And for a touch of nature, visit the From Slavery to Freedom Garden at the Frick Environmental Center, developed in collaboration with the Pittsburgh Parks Conservancy. The garden showcases plants that played a role in the journey to freedom during the 19th century. This family-friendly exhibit offers a very hands-on approach to learning about the African Diaspora by exploring the plants cultivated for food and medicinal purposes. By connecting the botanical journey with historical narratives, the experience is both educational and sensory.
In collaboration with the Black Girl Hockey Club, the Pittsburgh Penguins are planning an open skate on Feb. 6, 10 a.m. to 12 p.m., at the historic Hunt Armory for one and all. This is a unique opportunity for families to experience sports, camaraderie, and learn about Black history in an unexpected setting. RSVP here to participate. Feel free to invite friends and family, too!
In Living Color: African American Colorized History Virtual Reality Experience at the Trust Arts Education Center
Explore African American history through a brand-new lens with this immersive virtual reality art gallery on Feb. 10 from 10 a.m. to 12 p.m. Presented by artist Randall Coleman, the experience reimagines historical black-and-white stories in vibrant color, providing a fresh perspective for children.
Afterward, Randall will teach families how to replicate this colorizing effect themselves, turning history into an engaging and interactive experience.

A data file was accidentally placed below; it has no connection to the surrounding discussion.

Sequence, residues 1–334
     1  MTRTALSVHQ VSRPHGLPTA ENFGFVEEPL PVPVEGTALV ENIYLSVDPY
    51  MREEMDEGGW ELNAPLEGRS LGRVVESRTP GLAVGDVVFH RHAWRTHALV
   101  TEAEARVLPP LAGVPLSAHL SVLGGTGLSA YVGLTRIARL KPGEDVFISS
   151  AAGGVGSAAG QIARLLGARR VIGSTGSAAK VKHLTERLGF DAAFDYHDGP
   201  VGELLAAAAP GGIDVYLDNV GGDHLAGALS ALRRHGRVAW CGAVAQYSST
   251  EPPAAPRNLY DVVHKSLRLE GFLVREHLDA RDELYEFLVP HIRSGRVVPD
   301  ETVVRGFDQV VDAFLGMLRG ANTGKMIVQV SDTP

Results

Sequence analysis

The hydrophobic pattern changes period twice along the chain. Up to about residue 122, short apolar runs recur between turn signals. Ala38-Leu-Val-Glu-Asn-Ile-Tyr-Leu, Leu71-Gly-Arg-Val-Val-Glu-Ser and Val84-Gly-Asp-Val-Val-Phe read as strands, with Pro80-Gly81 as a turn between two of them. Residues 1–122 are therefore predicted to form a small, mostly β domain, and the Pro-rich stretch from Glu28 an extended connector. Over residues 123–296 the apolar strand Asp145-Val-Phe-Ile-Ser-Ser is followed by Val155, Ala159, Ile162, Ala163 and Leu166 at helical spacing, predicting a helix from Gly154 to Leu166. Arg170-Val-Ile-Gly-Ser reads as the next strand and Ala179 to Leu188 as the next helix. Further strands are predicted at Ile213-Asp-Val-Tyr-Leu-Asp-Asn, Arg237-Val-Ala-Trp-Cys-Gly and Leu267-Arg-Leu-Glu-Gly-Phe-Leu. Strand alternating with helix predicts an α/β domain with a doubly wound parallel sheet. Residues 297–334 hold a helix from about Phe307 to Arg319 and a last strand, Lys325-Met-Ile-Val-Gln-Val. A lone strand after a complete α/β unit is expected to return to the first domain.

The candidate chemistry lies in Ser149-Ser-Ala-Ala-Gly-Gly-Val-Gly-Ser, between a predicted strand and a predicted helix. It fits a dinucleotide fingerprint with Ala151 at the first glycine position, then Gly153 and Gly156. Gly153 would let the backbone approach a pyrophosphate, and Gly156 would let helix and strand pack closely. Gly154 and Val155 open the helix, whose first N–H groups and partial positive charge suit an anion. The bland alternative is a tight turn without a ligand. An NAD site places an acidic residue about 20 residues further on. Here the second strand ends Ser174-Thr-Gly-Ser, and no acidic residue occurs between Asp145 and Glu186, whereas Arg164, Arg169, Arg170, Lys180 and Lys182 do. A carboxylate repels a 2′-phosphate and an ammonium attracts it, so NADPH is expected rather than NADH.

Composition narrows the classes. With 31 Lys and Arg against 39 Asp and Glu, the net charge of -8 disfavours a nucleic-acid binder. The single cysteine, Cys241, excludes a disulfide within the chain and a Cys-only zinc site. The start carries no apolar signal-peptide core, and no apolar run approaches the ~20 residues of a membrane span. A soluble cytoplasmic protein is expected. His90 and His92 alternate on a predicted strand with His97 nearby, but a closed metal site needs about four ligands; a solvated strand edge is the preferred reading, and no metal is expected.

The Carnegie Library of Pittsburgh (various dates/library locations)
The Carnegie Library of Pittsburgh serves as a vibrant hub, fostering a deep appreciation for Black culture and literature while encouraging creativity and exploration among the younger generation. The library offers a great array of events for families seeking to immerse themselves in the celebration of Black History Month.
From the dynamic “Color Me Divine” workshop by PBJ Customs, providing a safe space for children to explore self-care and healing through art, to the fast-paced “Black History Month: 30 Books in 30 Minutes,” where library staff race against the clock to share their favorite book recommendations, the literary exploration is rich and diverse.
Cue’s Creative Workshops for Kids, led by library card artist Cue Perry, offer a stimulating 60-minute intro to drawing, painting and color theory. An afternoon with poet Terrance Hayes is a multi-media author event, while the local author event featuring D. Angel provides a unique opportunity for children to engage with a transformative life story. These events culminate in the interactive Azure Family Concerts, celebrating African American musicians and composers, and offering children a sensory-friendly live music program.
Lastly, the City of Pittsburgh pays homage to the groundbreaking Freedom House Ambulance Service, showcasing a Black History Month display in the City-County Building throughout February. Open weekdays through Feb. 29 (9 a.m. to 5 p.m.), this tribute honors the pioneering work of the first all-Black paramedics, highlighting their role in reshaping emergency medical services.